The Lake is a Lady

This excerpt is taken from the original essay published in “The Great Lakes Book Project: An Anthology of Creative Non-Fiction from The Region’s Best Authors,” published in 2013 by Felix Exi. It is reprinted here with permission of the author. // Illustrations by Gary W. Odmark
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I was a student at Western Michigan University when I first saw her, a turquoise pearl, a vast liquid altar stretching from a threshold of golden sand and wispy green dune grass to a distant sky that covered her like a baby blue blanket. I had ascended the dune from the brushy, inland side with five college friends until we broke from under a canopy of shade and mosquitoes into the daylight of mid-May. With the advantage of a two-hundred-foot elevation, I gazed out, down, and upon Lake Michigan. Her beauty held me breathless, and, suddenly, I was unaware of the pretty coed, my date on that clear summer morning, who stood at my side.

Lady Michigan’s cool, clean body lay before me. Her gentle waves softly whispered a hushed invitation to race down the dune and plunge into her, to immerse and be absorbed. I swooned at her splendor, hesitated to drink in more of the love-at-first-sight vista, then moved with quickening strides that pounded my soles against slippery sand.

My movement was contagious, my friends’ response instantaneous. With coolers, towels, and Frisbees in hand, we descended the dune faster and faster as though we were mere slivers of steel drawn toward a powerful magnet.

We dropped our stuff on the last gentle slope of beach, held hands six abreast, and raced to the edge of the water where two-inch waves lapped the shore. We ran as best as possible until, like children, we were knee-deep and tripped into submersion. We were, I was, part of her, part of the Great Lake…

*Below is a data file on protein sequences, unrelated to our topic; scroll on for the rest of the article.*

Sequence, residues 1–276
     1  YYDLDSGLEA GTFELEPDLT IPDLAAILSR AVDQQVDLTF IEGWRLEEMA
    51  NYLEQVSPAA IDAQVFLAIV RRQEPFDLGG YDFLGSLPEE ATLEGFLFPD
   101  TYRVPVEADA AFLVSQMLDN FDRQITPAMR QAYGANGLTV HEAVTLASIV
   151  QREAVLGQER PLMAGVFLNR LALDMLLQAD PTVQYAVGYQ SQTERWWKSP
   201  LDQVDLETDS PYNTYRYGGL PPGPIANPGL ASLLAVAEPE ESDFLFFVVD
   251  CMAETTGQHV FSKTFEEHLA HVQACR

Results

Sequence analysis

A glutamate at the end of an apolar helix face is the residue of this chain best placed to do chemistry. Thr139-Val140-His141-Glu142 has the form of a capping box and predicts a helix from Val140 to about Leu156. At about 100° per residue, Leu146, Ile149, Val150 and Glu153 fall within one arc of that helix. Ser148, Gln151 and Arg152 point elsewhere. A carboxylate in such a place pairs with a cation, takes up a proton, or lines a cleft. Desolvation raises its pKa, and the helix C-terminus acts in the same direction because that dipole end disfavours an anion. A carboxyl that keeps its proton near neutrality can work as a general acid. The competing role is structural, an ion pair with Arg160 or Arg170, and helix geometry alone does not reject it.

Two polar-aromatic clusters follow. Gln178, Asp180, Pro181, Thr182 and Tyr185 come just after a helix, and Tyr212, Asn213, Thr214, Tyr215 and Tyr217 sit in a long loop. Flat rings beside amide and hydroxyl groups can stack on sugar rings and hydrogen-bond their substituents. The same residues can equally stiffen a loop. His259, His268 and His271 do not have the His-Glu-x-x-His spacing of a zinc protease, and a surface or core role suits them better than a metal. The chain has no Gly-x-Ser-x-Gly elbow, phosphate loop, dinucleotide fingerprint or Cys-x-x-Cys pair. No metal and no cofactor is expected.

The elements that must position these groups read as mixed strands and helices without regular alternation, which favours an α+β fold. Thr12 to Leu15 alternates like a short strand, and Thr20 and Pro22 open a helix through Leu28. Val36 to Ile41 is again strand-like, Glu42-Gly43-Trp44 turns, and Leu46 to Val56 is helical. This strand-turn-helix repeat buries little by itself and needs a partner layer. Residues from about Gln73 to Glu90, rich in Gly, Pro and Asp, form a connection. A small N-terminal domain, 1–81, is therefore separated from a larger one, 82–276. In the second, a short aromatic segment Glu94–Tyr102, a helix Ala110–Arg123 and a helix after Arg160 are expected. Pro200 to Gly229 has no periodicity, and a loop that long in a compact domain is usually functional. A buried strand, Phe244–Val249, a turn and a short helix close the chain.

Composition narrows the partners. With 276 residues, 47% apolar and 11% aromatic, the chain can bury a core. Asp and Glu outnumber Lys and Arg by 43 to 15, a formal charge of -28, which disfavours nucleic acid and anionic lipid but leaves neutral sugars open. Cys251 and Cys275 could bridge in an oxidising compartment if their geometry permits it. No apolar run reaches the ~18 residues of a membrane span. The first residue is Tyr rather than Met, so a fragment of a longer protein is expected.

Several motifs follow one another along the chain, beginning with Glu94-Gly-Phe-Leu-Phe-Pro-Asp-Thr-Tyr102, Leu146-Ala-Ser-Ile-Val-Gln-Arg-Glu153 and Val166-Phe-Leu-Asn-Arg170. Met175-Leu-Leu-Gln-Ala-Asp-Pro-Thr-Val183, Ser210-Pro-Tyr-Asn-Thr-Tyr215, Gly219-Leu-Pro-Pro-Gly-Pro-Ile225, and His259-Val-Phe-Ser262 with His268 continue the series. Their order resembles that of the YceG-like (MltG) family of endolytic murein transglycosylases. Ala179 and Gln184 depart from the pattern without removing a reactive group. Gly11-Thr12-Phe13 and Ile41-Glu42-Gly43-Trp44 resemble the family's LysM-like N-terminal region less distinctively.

Since that day, twenty-seven years ago, I’ve moved to other parts of the country and back again. I’ve frolicked in the majestic lady’s waves, climbed her dunes, walked her beaches, and sailed along her Michigan shore. I’ve flirted with her sisters: cold howling Superior, plain wide Huron, shallow Erie, and industrious Ontario; but there is none like Lady Michigan.

Finally, I’m fulfilling my longtime desire to sail across her. There are four of us on two boats. Norm Guillaume and Dan Erlandson on Norm’s twenty-six-foot Pearson, Agape, and Dave Davies and me on Dave’s thirty-foot C & C, Mega.

Our plan is to go north for two days, from Holland to either Muskegon or White Lake, then head west to a destination in Wisconsin to be determined by the lady’s mood and the direction of her winds.

We cruise out of Holland at 8:00 p.m. … Winds are light and southerly, the water is sun-drenched and warm, so Norm and Dave drop drag lines, and we take turns being pulled through refreshing seventy-degree-Fahrenheit water.

At night she serves brightening stars and stronger southerly winds. The houses become spots of electric white…

With the hint of dawn, the lady is as gentle and vibrant as she is mysterious. She kisses our eyelids with early morning dew, and as though serving breakfast in bed along with stimulating conversation, she offers a bright predawn cloud the shape and color of a fiery forked dragon’s tongue. She tops this with a rising, thin, crescent-shaped fairy tale moon.